Life Revisited

Steve sat on the soft, leather sofa in the living room of his Albany home, staring down at the text message that had just appeared on his phone. A hot flush of shame filled his cheeks. Since his return from West Virginia two weeks before, Steve had, he now realized, been clinging to Melissa as a drowning man might cling to a life raft. He clung to her memories of Ana, alive and unharmed in the convenience store. He clung to the comfort and support she’d given him during those awful first weeks, and he clung to the friendship that had seen him through more than one sleepless night. He’d clung to her so desperately, in fact, that he’d completely failed to realize just how much he was intruding on her personal life.

He understood, with a sudden jolt of shame and clarity, just how rude and irrational his constant text messages must have seemed to her. Of course, she would not have told him so herself. She was simply too kind to turn him away. He realized that now. He knew of the problems Marc and Melissa were having, of her desire to mend the marriage, and silently chastised himself for making matters worse.

As he made to set the phone aside, it began to ring. He was so startled he nearly dropped it. “Hello?” he said, bringing it to his ear.

“Steve?” said a familiar voice. “It’s Frank Becker. It’s been a while. I thought I’d check in and see how you’re doing.”

Steve glanced around the empty living room. “To be honest, it feels like I’m living with a ghost. Her stuff’s everywhere. I feel like I should clean it up, but then…” His voice drifted off.

“We haven’t given up, Steve. You need to believe me. We’re doing everything we can to find her.”

Steve pulled a throw off the back of the couch and caught a whiff of Ana’s perfume. He wasn’t sure if the scent was real or just imagined. It didn’t matter. He buried his face in the soft chenille fabric.

“You still there?” Becker asked.

“I’m still here,” Steve murmured. “I want to believe she’s still out there, but it’s been three months since the sighting in West Virginia. Tell me honestly, what are the chances she’s still out there?”

He heard Becker sigh heavily on the other end of the phone. “If we were talking your average housewife, I’d tell you she’s gone for good. But with the daughter of a major drug lord? There’s always the chance she’s still being held somewhere. I’ve heard of cartel kidnap victims that were returned after months-even years-in captivity. It’s rare, but it does happen.”

“A buddy of mine from work tried to fix me up with his sister the other day,” Steve said. “He thinks it’s time for me to move on, but he just doesn’t get it. Every time I even think about moving on, the guilt is unbearable. What if she’s still out there? What if they’re torturing her? And I’m sitting here doing nothing? How am I supposed to start dating again, when she could be out there somewhere? Sometimes, for just an hour or two, I’ll forget to worry about her, then that makes me feel guilty too.”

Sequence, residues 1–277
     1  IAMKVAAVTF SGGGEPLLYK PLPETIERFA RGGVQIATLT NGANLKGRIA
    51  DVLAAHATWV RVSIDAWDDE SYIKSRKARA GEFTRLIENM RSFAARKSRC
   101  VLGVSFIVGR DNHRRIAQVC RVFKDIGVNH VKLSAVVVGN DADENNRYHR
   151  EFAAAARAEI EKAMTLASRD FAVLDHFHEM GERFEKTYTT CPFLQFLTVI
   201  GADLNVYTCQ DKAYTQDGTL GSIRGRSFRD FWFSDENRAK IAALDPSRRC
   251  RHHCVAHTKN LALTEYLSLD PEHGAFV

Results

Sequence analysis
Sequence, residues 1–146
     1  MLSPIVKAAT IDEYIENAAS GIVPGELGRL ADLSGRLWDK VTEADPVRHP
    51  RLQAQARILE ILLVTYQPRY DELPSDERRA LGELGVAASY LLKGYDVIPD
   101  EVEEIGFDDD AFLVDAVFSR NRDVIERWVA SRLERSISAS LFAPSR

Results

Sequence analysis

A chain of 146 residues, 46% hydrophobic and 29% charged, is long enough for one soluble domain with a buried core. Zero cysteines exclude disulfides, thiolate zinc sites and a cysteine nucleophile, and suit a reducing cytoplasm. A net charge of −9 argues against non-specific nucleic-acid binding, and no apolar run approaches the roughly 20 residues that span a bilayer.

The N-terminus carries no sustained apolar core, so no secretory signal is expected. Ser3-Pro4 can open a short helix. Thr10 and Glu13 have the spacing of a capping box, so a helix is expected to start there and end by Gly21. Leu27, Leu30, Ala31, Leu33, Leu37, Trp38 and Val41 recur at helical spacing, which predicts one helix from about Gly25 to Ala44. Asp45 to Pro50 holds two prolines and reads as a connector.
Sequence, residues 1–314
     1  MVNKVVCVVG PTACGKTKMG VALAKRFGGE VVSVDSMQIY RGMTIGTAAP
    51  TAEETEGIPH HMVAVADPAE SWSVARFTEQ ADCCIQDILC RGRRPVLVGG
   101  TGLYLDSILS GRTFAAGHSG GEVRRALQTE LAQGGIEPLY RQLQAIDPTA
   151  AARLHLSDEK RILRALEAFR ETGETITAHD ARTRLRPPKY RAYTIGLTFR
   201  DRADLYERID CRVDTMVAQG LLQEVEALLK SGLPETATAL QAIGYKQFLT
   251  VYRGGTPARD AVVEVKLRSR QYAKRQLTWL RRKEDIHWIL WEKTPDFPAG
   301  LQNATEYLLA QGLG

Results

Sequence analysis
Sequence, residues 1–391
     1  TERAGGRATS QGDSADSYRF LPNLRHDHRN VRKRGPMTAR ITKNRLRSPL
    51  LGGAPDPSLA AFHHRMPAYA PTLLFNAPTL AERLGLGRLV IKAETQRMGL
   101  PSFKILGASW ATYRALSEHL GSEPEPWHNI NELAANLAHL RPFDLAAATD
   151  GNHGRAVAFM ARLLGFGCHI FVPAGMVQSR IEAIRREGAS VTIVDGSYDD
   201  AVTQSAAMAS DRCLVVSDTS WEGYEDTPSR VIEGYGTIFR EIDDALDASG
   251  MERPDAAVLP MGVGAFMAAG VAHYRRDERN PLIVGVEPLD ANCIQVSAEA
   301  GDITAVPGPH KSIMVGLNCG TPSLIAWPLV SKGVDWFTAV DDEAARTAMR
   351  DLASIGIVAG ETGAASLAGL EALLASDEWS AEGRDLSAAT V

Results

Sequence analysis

“You need to give yourself permission to stop thinking about her for a while,” Becker said. “You’ll drive yourself crazy if you don’t. Try to get some rest, or maybe get some work done. I’m worrying about her, Steve, so you don’t have to. If the guilt starts to get to you, remember that.”

Since Becker had been working the case for months with absolutely no results whatsoever, Steve took no comfort in these words. “Thanks,” he said, “I’ll keep that in mind. Let me know if you hear anything.”

After the call, Steve pulled his laptop computer from a bag at his feet and turned it on. His prolonged absence from Albany, and indeed from everything else in his life, had wreaked havoc on his business. It had taken nearly all of his first week back just to clear his inbox. Two of his projects were so far past their deadlines that, had it not been for the understanding and patience of his regular clients, all of whom had read about Ana’s disappearance in the local news, he would certainly have been sued for breach of contract.

He drummed his fingertips while he waited for the computer to power up. The machine was a dinosaur and he’d been meaning to bring it in for maintenance even before Ana’s disappearance. He remembered with a smile how Ana had referred to his laptop as el diablo, the devil, whenever she’d used it. He remembered her cursing in loud, rapid Spanish every time it crashed.

His attention was pulled back to the present when a tiny army of icons finally began falling into ranks across his desktop. The last icon to pop into place was that of his instant message service. The sight of it reminded him of another occasion when Ana had begun speaking Spanish in front of his computer. He clicked the little, blue icon. His pulse quickened. Ana’s contact list opened before him. A circular picture of his own smiling face appeared first on the list. He scanned through the other names, until he found the one he was looking for, third from the bottom. Despite the initial thrill he felt upon seeing the name, he could not help feeling reprieved by the status just below it. Isabel Aldana was offline.

 

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